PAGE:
26 Aug 2014
Anyone who enjoys gardening knows it involves a lot of initial work and a considerable amount of patience – but lasting enjoyment when nature eventually delivers.
At Burnside Court retirement housing scheme in Carlisle, we’ve just officially opened our new sensory garden, and it’s been a delight to watch our tenants’ happiness grow just as our roses have bloomed.
We’ve come a long way – from the germ of an idea last year, through considerable garden works during the winter and spring, to a completely transformed garden the tenants – and staff love.
When I came to Burnside Court as scheme manager in May 2013, we’d already been successful in being named one of five retirement properties in Cumbria (another is our Monkwray Court scheme in Whitehaven) to win a share of £227,400 Department of Health funding to create a sensory garden.
We are an extra care scheme and were awarded £34,800 to spend on transforming our garden. At that time the garden here was mostly grass, a nice space but lacking points of interest and character. As in many gardens, a narrow path ran down the centre of the lawn, not actually going anywhere, and when tenants used the outside space, they didn’t really venture far from the main building.
The first step on this journey of transformation was for me to attend monthly research group meetings held at the different housing schemes around the county. At these meetings we talked about how we were all progressing, shared ideas and experiences and worked together to produce a series of evaluation questionnaires to collate colleague, customers’ and families’ views. The protocol for Extra Care Housing was also discussed in great depth to ensure that the works carried out would meet appropriate standards.
Unique sensory garden for Anchor’s Carlisle retirement property
Information and evidence was collated around how to minimise the risks of slips, trips and falls, along with photographs of the garden and customer case studies to show how the new garden would make a difference to people’s wellbeing. I had never done anything like this before, so it was very exciting and new to me.
The work in the garden really began in November 2013. Our garden architect Bruce Walker visited the scheme to discuss ideas and plans were drawn. Tenants were invited to idea-sharing afternoons, which involved lots of cake and tea, and brought back an array of fond memories about tending to gardens at their previous homes.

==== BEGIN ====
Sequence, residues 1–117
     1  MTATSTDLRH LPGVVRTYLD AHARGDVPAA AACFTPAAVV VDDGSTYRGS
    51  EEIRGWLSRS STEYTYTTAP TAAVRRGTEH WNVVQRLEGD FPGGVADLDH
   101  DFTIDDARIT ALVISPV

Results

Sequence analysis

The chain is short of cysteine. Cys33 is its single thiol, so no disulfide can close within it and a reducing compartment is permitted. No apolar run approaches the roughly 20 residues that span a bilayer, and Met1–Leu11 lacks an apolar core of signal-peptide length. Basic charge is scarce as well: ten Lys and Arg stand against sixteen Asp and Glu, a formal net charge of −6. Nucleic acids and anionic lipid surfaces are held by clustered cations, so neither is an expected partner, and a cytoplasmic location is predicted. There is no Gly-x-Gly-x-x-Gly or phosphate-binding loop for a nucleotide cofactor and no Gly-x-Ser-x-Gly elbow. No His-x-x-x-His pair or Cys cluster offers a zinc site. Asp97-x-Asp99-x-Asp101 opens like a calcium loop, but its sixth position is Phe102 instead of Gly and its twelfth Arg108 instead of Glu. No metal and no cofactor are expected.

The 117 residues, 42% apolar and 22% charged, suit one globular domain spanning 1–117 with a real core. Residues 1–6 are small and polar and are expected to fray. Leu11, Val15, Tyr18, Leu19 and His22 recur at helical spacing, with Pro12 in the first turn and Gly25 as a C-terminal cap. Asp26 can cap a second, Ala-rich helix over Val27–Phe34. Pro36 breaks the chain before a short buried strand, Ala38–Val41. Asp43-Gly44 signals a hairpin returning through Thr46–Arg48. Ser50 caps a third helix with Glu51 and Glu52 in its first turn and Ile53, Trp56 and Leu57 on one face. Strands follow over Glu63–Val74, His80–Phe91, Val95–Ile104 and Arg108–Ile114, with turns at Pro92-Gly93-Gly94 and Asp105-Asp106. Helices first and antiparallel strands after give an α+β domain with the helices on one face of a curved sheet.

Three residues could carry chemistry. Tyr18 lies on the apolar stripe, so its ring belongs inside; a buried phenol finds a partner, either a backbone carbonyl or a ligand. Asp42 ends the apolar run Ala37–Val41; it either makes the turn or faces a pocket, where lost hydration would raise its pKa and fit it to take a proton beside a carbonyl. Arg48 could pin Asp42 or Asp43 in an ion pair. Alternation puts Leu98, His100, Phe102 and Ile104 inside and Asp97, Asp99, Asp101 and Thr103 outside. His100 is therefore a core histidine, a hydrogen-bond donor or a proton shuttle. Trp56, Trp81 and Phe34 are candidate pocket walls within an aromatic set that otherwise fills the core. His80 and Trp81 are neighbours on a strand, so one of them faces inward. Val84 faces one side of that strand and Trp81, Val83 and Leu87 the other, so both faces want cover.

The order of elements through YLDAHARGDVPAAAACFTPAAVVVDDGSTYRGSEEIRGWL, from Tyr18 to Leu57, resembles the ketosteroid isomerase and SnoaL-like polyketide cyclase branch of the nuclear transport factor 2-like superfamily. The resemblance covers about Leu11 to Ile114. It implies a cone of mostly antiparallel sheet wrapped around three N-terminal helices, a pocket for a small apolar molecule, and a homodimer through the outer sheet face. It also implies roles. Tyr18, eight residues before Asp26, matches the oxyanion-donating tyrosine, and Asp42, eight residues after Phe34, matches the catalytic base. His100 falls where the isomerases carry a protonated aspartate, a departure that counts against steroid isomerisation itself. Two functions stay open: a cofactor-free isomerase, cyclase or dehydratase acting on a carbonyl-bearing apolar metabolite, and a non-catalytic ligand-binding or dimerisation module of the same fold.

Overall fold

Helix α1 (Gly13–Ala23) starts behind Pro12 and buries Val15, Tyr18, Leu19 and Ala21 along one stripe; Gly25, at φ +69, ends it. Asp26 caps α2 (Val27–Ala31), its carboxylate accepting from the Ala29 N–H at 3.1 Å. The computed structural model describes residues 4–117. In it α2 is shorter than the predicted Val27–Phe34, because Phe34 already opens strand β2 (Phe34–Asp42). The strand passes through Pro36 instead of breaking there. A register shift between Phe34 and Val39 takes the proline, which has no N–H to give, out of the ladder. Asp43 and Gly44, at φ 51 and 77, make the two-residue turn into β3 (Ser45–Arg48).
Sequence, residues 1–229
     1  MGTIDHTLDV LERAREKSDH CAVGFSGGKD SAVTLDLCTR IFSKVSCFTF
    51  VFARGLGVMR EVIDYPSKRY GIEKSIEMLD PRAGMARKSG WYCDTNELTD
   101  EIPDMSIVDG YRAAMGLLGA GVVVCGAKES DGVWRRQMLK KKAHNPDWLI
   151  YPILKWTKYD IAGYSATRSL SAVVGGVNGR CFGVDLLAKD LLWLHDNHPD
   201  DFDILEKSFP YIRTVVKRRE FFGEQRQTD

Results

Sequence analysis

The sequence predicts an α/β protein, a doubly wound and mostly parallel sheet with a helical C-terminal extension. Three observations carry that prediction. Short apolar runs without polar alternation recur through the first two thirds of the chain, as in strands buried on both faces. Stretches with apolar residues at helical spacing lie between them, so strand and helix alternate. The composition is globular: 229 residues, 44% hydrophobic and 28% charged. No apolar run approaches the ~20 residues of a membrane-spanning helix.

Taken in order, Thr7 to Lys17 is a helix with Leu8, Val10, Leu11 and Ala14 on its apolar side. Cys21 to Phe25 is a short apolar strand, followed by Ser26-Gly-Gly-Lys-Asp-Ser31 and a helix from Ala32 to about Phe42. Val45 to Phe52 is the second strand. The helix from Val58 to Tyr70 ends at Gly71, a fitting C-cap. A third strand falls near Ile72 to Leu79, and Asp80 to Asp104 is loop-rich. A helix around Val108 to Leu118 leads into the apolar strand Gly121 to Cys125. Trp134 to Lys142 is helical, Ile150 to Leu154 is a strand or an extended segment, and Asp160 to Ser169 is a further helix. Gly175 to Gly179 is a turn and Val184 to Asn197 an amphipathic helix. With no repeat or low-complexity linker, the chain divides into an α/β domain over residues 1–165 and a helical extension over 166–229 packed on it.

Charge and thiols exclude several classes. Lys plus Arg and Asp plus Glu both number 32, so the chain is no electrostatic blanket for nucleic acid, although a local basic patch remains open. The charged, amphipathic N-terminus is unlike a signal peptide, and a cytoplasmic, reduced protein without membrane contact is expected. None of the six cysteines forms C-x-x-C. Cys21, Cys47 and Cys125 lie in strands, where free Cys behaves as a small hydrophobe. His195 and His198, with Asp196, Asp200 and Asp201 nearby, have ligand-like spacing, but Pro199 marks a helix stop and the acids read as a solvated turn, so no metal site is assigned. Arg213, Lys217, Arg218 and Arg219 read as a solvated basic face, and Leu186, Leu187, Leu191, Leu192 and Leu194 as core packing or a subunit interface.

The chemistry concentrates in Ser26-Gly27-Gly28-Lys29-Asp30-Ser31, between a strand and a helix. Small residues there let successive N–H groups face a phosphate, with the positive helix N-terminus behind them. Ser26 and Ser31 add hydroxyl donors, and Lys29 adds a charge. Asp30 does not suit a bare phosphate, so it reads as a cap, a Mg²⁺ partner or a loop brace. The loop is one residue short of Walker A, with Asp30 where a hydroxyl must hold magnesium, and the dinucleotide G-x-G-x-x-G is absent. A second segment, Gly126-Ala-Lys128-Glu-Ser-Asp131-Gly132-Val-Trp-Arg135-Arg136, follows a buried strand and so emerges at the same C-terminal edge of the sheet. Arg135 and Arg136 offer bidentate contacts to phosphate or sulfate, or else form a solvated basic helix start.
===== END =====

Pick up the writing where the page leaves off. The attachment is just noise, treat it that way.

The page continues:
Sensory garden updates were displayed regularly on the tenant noticeboard ensuring everyone know how the garden was coming along and what was next to come. This seemed to create quite a buzz. Tenants had chosen plants that reminded them happy memories and it was very important to me that these were incorporated in the garden design.
I was certainly apprehensive about having the garden work over the winter, but we were lucky and had a dry run (unusual for Cumbria!) to do the drainage work and put the new turf down, with the plants the last to go in.
There has been the odd challenge. My husband agreed to help me select two doves – a male and a female – to come and live permanently at Burnside Court. Visiting the dove breeder had to be done just as the sun was going down and the birds were returning home to roost. For six weeks, known as their ‘homing period’, we really looked after those doves, feeding them, watering them, mucking them out and bonding with them. When the day came to release them we were all really excited. They spent a little time wandering around the garden, before flying off never to return!
The tenants are still keen to have resident doves, so we will try again soon, but perhaps with younger birds next time! For now, we have a resident woodpecker who comes and goes, and an array of other birds who love to be fed by the tenants…on time…every morning!
Now complete, I’m very proud to say that our sensory garden really does appeal to all the senses, which particularly benefits people living with dementia. Gone is the plain lawn. We now have a special water feature which lights up at night and can be touched. We also have three walkways, one of which goes through a pergola of aromatic plants and another that has been created as a woodland walk with a different texture underfoot. Scattered through the garden are wind chimes as well as wooden posts with local artefacts that can be touched and aim to remind people of local industries. We have an orchard area of plum, pear and apple trees as well as herb garden growing rosemary, marjoram, mint, lavender and thyme. One tenant recalled enjoying delicious beef Sunday dinners when smelling the fresh rosemary for the first time! All of these areas provide our tenants with something different and are inspiring their green-fingers so much that a raised vegetable patch is now in the planning.
Last week we had our official unveiling with the Deputy Mayor and Mayoress of Carlisle, tenants, along with their families and friends attended and the scheme was opened to people from the community.
For me, personally, being involved in all of the meetings, working with external companies and the Department of Health has really boosted my confidence. It was hard work at times, but looking around our garden now I know it was all worth it. I often come into work early now so I can sit outside, have my breakfast, and take it all in. It is so great to see so many of our tenants sitting on the new benches and walking around the new outside spaces, including some who previously did not venture out much at all. The garden has really brought the people living here at Burnside Court together and added to the feeling of being a real community. It is a really happy place – that’s flower power!
Carla Bately is the Scheme Manager at Burnside Court.